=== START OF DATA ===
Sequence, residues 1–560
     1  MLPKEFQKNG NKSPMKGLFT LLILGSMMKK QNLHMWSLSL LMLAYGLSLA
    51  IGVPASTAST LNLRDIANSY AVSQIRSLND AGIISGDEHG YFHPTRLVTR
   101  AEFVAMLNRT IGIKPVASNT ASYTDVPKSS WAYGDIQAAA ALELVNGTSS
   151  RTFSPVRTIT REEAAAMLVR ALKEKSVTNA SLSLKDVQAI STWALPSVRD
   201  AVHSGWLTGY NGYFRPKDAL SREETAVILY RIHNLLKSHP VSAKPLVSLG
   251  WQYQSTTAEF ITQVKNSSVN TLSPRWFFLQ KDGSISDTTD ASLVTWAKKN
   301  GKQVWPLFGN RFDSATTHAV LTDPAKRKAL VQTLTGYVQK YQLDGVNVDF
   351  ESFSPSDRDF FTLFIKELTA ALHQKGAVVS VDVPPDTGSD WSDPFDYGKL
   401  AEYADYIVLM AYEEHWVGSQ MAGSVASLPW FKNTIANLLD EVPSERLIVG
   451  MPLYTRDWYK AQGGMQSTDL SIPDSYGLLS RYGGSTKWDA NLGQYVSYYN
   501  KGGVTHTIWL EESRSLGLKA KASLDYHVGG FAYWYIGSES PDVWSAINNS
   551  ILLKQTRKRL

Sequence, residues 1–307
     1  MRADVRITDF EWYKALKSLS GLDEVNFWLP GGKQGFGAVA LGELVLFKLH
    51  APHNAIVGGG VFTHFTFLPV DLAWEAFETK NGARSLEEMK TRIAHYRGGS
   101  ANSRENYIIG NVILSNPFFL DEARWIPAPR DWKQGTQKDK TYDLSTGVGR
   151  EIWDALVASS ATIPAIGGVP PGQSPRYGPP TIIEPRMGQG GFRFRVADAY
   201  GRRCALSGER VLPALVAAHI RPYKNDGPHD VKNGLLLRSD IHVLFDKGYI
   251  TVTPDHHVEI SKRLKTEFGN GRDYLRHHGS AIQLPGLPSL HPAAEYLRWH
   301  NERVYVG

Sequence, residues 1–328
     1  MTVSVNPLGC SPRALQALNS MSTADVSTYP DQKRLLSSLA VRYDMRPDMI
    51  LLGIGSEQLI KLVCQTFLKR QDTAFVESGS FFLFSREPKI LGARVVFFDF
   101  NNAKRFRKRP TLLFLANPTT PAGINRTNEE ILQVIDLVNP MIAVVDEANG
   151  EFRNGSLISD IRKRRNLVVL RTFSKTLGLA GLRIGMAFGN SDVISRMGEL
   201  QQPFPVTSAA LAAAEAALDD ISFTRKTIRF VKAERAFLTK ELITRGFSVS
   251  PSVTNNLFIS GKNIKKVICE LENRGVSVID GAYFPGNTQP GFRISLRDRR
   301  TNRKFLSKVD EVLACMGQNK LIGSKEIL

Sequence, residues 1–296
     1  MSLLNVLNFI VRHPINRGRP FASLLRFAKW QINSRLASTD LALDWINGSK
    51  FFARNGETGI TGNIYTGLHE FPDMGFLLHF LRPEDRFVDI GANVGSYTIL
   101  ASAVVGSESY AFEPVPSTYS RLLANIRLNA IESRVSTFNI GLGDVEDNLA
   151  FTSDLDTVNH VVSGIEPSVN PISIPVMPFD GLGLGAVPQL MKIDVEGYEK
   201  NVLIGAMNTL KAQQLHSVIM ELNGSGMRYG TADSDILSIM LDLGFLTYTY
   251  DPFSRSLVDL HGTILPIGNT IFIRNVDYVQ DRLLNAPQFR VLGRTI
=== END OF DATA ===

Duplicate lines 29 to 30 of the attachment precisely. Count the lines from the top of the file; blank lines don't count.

   301  TNRKFLSKVD EVLACMGQNK LIGSKEIL

Sequence, residues 1–296